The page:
If the meter doesn’t have an earthing terminal, this item is already covered by #5 of this list.
The position of any switch must be clearly indicated. For the load switch we are doing this in the display (connected, disconnected, ready for connection if applicable). The Caution symbol ISO 7000-0434B marks that additional safety information is described in the manual.
Close to the slot for the exchangeable battery the same symbol as #14 of this list indicates that more safety relevant information can be found in the documentation.
16. Nominal voltage(s) or voltage range
e.g. 3 x 230/400 V
17. Service type
This is the symbol for the measuring elements.
Three-phase four wire meter
18. Nominal current and current range
For a direct connected meter the minimum current, nominal current and the maximum current is indicated like this: Imin – In (Imax)
E.g. 0.5 – 10(40) A, for a meter having a minimum current of 0.5 A, nominal current of 10 A and a maximum current of 40 A. The current indication is now the same as for MID meters.
19. Nominal frequency
e.g. 50 Hz
20. Meter constant
The meter constants are indicated close to the pulse output LEDs. The expression is e.g. 500 imp/kWh for active and 500 imp/kvarh for reactive.
21. Accuracy class index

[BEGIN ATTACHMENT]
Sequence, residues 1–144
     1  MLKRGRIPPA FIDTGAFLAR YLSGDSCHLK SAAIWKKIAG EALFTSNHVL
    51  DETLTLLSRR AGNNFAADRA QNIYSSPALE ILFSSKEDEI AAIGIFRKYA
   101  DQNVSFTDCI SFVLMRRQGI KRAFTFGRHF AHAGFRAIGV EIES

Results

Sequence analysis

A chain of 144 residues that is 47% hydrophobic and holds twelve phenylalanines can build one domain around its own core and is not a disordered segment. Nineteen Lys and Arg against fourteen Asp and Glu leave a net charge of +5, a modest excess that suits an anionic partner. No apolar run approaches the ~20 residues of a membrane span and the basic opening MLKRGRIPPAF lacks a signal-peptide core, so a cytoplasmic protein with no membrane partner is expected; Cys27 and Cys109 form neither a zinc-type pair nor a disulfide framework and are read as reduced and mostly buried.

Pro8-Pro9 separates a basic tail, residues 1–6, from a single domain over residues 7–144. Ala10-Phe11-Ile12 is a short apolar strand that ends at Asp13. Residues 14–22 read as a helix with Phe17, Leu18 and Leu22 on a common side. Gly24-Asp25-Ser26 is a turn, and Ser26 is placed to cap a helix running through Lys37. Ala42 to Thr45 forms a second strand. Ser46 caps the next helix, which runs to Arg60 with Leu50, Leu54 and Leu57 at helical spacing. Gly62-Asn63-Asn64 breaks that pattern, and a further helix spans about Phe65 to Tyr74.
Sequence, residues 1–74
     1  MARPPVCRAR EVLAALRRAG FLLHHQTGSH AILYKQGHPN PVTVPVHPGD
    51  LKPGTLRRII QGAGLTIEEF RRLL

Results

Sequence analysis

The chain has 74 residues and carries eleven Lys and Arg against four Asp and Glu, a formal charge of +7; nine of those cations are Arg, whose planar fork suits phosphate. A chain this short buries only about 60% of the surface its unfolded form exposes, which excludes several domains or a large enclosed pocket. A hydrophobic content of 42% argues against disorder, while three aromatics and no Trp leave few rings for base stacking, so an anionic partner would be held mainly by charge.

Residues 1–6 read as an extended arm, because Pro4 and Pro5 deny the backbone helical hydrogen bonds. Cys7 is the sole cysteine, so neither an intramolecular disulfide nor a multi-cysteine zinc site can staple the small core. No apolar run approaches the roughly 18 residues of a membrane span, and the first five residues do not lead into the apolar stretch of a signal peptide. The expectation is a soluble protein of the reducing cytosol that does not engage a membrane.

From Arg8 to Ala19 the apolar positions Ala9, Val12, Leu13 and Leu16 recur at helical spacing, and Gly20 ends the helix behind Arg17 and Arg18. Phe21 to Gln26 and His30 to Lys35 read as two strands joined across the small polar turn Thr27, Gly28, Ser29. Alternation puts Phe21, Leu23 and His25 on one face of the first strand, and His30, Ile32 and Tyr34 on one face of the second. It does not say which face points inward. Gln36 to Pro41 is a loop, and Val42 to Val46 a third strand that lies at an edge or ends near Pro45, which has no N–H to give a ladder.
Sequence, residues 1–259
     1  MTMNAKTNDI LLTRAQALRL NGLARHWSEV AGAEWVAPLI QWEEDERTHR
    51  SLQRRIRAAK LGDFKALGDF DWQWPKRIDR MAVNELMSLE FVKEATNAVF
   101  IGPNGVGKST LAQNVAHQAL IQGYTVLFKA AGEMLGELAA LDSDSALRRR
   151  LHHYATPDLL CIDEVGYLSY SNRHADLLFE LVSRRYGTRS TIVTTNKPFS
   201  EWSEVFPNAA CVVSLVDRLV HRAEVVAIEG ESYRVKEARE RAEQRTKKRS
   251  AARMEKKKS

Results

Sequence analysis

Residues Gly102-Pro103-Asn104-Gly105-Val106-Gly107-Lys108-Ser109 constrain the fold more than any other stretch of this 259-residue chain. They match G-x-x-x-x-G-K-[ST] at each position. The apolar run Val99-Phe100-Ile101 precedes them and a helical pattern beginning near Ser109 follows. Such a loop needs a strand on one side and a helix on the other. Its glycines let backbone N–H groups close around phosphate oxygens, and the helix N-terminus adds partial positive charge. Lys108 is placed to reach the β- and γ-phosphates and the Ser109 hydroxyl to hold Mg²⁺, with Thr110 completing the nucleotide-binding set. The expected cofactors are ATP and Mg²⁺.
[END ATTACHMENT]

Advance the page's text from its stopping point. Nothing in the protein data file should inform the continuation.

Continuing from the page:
E.g. Cl. 1
If the meter has an active and a reactive test output it’s recommended to write the accuracy class close to the diode and the meter constant.
22. Specified operating temperature range
E.g. -25 °C to 55 °C
23. Instrument transformer ratio
If the ratio is programmable, it must be shown in the display. If it’s fixed, it will be indicated on the nameplate. The symbol for instrument transformer is shown on the case.
24. Special type information
If the voltage of the tariff control device differs from the nominal voltage, this shall be marked on the meter or on a separate plate.
The IEC wording:
The applicable symbols specified in this subclause shall be marked on the meter case, an external nameplate, dial plate, external labels or accessories, or shown on the indicating display as appropriate.
We have e.g.
Bidirectional energy meter
Bidirectional energy meter, always counting import
Port in accordance with a specific standard like
IEC 62056-21, Mode C, IEC 62056 DLMS/COSEM
This symbol should be close to the optical port
Electronic energy meters are nowadays too complex to mark everything on the case. To give additional information the IEC requires
– information on the packing
– an instruction manual
– a user manual
– a maintenance manual
For referring to the manuals the case must show:
The Caution symbol in the nameplate area.
The Caution symbol close to the battery slot.
The Caution symbol on the terminal cover
A “Read the Manual” symbol.
Take care of the markings. Utilities are buying meters from various vendors. If the markings are not IEC compliant it can cause confusion.
I personally do not like when the markings are too small. The meter installers will be thankful to have clear information when working in dark basements.
Thank you for reading.
Editor's note: This article was originally published in August 2020 and has been updated for comprehensiveness.